It’s no secret that backpacking gear can get expensive quick, no matter how long your trip is. Here are ten tips for backpacking on a budget to get you on the trail without breaking the bank.
Go For Cheap or Free
Sometimes the gear you need for a hike is right under your nose. If I’m going to use a waterbottle, I prefer using a Smartwater bottle. This is for a couple reasons: a Sawyer Mini threads perfectly onto one, it’s much lighter than a Nalgene bottle, and it comes with free water! 😉
Another biggie is your first aid kit. Stop dropping money on pre-made kits. You likely have everything you need already in your medicine cabinet and they do just fine in a Ziplock bag.
Less is More
By committing to a lightweight setup, you’ll automatically reduce the number of items you’ll need to buy. For me, that’s going without camp shoes, pillow (use a stuff sack with extra clothing for one!), multiples of everything, cups, bowls, and that big first aid kit- to start! You can use that budget you would have spent on that gear to upgrade your more valuable gear items or just pocket it.
Do Your Research
The big three (sleep system, shelter, and pack) can be expensive. What’s worse is saving $100.00 on a sleeping bag and realizing it doesn’t keep you warm at night or your pack is way too small. Do your research first: try on gear in stores, read tons of reviews online, and borrow from a friend before you make a purchase. There is nothing worse than buying something only to have to replace it a year later because it failed or you simply didn’t do your research and found something better.
Get a Deal
This may sound obvious, but many people are trigger happy when shopping online. Be sure you are getting the best deal possible. Many companies have sales for major holidays or coupons when you sign up for their newsletter/email list. Black Friday and Cyber Monday as well as Labor Day Weekend, and the 4th of July are big sale dates, even for some cottage manufacturers.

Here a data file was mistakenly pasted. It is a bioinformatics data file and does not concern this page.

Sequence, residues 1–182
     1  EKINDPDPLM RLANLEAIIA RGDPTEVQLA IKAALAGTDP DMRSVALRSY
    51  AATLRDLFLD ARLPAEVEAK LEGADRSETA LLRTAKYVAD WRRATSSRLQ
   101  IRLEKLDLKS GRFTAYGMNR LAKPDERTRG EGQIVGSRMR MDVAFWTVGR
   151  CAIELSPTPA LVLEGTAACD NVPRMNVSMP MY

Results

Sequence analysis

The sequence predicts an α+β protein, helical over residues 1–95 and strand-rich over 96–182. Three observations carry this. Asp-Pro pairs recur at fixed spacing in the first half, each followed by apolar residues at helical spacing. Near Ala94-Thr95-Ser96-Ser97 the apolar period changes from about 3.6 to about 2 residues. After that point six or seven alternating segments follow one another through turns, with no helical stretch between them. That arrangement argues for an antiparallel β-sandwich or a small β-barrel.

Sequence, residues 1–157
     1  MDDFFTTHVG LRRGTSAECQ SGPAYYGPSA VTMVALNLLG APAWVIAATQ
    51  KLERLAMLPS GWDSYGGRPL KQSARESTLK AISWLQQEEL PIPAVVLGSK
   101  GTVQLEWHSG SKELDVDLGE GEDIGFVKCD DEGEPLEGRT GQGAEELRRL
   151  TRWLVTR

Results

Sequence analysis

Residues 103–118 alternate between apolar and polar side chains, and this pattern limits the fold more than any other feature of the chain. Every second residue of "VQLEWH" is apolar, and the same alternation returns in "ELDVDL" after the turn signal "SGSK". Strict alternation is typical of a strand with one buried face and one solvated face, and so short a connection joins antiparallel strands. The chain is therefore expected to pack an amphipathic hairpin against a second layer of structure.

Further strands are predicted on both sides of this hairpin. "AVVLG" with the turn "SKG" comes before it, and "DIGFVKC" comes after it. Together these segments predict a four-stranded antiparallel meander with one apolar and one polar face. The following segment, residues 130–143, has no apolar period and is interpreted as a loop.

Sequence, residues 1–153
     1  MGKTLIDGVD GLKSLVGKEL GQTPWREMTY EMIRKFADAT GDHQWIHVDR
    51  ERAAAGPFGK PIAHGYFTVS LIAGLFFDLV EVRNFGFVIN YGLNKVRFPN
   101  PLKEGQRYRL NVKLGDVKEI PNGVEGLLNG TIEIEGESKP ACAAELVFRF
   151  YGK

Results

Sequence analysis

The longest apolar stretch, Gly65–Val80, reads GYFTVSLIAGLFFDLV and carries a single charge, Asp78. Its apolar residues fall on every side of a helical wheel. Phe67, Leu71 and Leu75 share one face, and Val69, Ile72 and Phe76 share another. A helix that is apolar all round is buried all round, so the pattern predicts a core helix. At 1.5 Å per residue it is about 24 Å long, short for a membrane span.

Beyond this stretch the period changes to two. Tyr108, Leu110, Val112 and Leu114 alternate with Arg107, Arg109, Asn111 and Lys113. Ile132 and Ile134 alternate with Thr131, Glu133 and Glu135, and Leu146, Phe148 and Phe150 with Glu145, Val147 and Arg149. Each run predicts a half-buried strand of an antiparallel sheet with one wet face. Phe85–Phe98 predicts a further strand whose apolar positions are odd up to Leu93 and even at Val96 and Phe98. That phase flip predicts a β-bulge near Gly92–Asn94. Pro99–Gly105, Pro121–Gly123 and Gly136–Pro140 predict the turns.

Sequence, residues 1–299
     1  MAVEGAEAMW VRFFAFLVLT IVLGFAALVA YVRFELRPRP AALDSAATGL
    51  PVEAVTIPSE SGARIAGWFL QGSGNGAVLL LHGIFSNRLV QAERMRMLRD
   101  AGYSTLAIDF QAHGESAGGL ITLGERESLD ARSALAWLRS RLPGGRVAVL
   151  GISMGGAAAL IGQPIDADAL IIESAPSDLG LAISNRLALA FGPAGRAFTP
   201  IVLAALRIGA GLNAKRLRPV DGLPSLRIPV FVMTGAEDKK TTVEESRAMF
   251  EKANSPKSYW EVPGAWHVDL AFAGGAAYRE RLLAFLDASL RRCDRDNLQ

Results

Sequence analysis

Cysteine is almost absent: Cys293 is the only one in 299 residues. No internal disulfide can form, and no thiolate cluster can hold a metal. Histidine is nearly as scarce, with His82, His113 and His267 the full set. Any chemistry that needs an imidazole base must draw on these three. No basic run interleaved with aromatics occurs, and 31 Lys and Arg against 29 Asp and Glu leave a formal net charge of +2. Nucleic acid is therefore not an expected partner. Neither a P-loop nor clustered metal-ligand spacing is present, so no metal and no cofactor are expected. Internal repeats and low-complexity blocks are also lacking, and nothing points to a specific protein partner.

Rent or Borrow
If you’re going backpacking for the first time or to an area you don’t have the right gear for, to rent or borrow some items. Instead of investing in a 15 degree sleeping bag for a one week trip or buying a bear canister when you live on the East Coast, rent from your local outdoor shop or borrow from a friend.
It won’t help you save money now, but if there’s gear laying around your house that you don’t have a use for, sell it! There are multiple Gear Flea Market Facebook Groups for this as well as GearTrade or Ebay. There’s a good chance that there’s someone who is just starting out that would love your old pack, heavier sleeping bag, or freestanding tent.
Shop Last Year’s Styles
Like everywhere else, the outdoor industry has its own styles and trends that cycle year to year. Here is where attention to detail is key. You may be able to score big on an item from sites like Backcountry.com or REI’s Outlet store simply because the colors have been updated. Often there are bigger changes such as technical improvements, additional features, or lighter materials. Compare the item you stumble upon with the newer version and made sure when looking at the specs, you’re not missing out on a great new feature.
When I bought my camera- a Sony Alpha a5000 I compared it to the a6000 and decided for me, I wouldn’t miss out on the features the a6000 had and opted to save $150.00!
Making your own gear might be a big flop if you aren’t crafty or lack patience, but it could pay off big time. You can also make smaller items like firestarters, a pot cozy, stuff sacks, or an aluminum can alcohol stove!
Gear Up Outside of Gear Shops
You may be surprised by what you can find outside of the stores you typically find outdoor gear at. A window insulating sheet from your local hardware store can be used as an ultralight ground sheet, pack liner, or rain skirt. If you’re looking for baggies to hold small items, the craft store will have you covered- plus there’s always a 40% off coupon available at a Michael’s or A.C. Moore store.
Of course, just about anything you may need can be found on Amazon!
Buy in Bulk
This goes mostly for trail food. If there’s a bar you like, get a box instead of individual bars. For example, a PROBAR Meal Bar costs $3.00 a piece at REI, but you can get a whole box of them on Amazon for $2.37 each (prices may vary). I recommend doing the same for dry ingredients if you’re looking to dehydrate your own food.
Do you have any tips to add? I’d love to hear them! Share in the comments section below!
Last modified: September 1, 2017